Labradoodle & Goldendoodle Forum
You guys remember when I was afraid for some reason that she wouldn't grow? (Where are my laughing emojis?!)
The funny part is that she's only 45 pounds, but I feel like she looks bigger. She takes up the whole bed! She's going to shrink next week though, when she goes for her first big girl haircut. I'm ready/not ready for this. I think she's going to come back looking like a totally different dog. She's so much lighter underneath. And I know her hair is never going to be like this puppy hair again, but I'm really excited to see what it will look like when she's a big girl. And she needs the hair on her chin trimmed. I've never seen a dog with such a drippy face. Someone is not a neat drinker.
I think I accidentally turned her nocturnal. She takes these long naps during the day and then she wakes me up 5 times in the middle of the night. We really need to work on that. And she's definitely turning into a teenager. She thinks she's so big, barking out the window. But she's such a sweet little girl. I just marvel looking at the pictures at how little she was. They grow so fast!
I do love Riley. I think Willow still has some growing in her, but she's never going to be that big. She's still at least a couple inches shorter than Maggie and I don't think she will catch up. It wouldn't surprise me if she ends up weighing more than her though. They are built so different. Maggie is built more like a poodle. Willow is very stocky. And she's so funny, she's the heaviest 45 pound dog in the world when she plays floppy dog. When I pick Maggie up she kind of holds herself. Willow on the other hand is just like jelly. Dead weight.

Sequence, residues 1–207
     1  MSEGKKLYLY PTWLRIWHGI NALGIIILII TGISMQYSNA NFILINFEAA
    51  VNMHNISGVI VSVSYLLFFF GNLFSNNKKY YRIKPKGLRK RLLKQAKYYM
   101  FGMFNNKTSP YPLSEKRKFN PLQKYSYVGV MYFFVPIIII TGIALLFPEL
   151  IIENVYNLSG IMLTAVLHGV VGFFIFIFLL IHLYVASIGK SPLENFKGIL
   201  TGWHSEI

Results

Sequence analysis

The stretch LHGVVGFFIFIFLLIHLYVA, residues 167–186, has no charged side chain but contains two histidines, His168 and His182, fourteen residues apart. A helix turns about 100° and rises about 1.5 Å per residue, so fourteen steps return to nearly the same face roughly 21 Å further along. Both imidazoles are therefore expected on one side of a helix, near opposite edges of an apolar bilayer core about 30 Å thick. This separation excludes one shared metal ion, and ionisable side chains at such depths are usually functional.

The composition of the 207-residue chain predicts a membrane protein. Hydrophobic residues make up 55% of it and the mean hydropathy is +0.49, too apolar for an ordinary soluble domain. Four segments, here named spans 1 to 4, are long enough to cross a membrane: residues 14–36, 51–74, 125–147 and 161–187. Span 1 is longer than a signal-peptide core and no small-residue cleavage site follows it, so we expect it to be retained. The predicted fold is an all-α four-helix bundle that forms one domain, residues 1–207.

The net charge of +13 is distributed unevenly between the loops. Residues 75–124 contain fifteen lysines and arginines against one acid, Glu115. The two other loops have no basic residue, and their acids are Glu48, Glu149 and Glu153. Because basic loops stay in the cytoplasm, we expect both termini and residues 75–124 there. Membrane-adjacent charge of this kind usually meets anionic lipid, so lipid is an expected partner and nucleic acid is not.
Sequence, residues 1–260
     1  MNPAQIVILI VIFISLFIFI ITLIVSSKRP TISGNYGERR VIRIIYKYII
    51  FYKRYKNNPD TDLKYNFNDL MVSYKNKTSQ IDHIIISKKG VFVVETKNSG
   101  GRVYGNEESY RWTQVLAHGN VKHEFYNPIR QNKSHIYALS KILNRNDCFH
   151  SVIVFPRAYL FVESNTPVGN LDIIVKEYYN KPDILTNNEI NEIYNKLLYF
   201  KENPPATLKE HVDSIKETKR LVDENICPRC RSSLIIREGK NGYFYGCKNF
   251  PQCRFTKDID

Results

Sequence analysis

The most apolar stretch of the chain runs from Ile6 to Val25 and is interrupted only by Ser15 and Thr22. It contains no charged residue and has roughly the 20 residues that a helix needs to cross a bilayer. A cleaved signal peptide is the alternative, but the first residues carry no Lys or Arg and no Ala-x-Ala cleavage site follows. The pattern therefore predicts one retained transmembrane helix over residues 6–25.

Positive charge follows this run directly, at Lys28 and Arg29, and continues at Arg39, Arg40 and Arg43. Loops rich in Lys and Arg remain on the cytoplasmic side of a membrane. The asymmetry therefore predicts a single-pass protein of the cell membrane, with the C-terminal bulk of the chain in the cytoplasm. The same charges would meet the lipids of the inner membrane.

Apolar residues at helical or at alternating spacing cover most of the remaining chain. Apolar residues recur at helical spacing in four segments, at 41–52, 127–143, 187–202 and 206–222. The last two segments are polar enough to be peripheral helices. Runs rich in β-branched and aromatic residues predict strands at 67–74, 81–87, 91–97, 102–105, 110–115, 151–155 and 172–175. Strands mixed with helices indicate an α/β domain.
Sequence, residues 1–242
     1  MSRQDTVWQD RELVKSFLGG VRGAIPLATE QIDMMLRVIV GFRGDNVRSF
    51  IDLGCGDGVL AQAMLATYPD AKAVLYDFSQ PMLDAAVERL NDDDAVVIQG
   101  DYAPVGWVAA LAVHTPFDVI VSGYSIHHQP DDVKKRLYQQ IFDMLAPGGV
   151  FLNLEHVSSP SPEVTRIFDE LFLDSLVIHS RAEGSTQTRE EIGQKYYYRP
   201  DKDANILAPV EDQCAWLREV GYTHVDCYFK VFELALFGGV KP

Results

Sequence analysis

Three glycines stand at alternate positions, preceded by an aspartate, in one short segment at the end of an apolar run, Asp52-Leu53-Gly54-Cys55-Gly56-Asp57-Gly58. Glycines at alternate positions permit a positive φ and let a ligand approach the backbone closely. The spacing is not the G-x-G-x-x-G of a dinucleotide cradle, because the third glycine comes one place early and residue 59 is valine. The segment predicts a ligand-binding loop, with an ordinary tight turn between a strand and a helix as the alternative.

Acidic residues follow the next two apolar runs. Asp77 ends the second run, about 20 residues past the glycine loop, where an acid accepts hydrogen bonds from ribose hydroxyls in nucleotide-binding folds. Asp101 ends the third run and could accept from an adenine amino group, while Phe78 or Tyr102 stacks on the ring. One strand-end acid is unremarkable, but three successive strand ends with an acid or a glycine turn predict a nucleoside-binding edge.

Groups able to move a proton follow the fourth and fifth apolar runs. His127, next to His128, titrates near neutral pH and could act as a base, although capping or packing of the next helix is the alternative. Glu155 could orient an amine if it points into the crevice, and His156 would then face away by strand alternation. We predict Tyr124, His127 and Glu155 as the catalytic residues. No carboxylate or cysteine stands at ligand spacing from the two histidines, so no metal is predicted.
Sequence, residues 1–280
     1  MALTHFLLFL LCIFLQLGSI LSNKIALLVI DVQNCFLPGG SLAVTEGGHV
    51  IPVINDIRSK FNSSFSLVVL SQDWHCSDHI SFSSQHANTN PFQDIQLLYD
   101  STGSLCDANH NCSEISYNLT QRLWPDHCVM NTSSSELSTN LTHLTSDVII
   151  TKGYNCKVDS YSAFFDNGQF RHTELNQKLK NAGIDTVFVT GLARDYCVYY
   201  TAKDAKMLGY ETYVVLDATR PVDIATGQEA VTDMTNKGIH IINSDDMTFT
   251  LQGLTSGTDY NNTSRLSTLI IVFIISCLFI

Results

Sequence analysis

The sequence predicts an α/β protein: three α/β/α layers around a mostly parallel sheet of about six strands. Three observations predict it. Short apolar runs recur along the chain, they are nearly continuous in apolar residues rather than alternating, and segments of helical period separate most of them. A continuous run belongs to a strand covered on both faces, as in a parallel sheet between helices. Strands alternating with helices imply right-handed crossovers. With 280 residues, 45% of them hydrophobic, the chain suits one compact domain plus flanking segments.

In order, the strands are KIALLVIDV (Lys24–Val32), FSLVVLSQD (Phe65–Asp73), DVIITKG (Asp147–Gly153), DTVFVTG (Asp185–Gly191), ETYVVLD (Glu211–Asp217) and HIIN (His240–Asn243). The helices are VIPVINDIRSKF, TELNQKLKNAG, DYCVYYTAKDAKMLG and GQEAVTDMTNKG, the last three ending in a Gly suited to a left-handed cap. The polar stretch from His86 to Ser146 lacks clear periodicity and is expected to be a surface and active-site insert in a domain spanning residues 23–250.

It blows my mind that someone would give Willow up. She's really the mellowest puppy. There was a 14 month old setter of some sort at our obedience class and her mom was shocked when I said Willow was only 7 months. I don't mind bragging on her a little bit. I really think she's going to be able to do anything. We're going to have so much fun together.
She sounds like such a great puppy :)
I think there are some people that think they like the idea of a dog but really have no concept of how much work it is... so even an "easy" puppy like Willow seems like a monumental task. You have lots of dog experience so an easy going puppy is "easy" to you but just having a pet in general is way too much work for some people.
I think Riley is my cap on size though, I wouldn't want a dog that's any bigger and I think I'd have preferred if she'd stayed around 55-60 lbs. She's a little too big for me to lift her without possibly hurting myself.
She has also started doing little "protests" where she turns on her back if someone tries to move her... it's really hard to move a 70-lb dog who is doing a wet noodle impression on their back!
I think that's exactly it. I think these people didn't have any concept of the difference between a 5 pound papillon and a 50 pound doodle. There's only so much damage a tiny little dog like that can do, and even a calm doodle puppy is still a wild child.
I might have mentioned it before, but when I went to pick Willow up she was doing the puppy crazies and she launched herself at me and I caught her in mid air. She's never done it again. I really think she knew her mommy had arrived. It was love at first sight.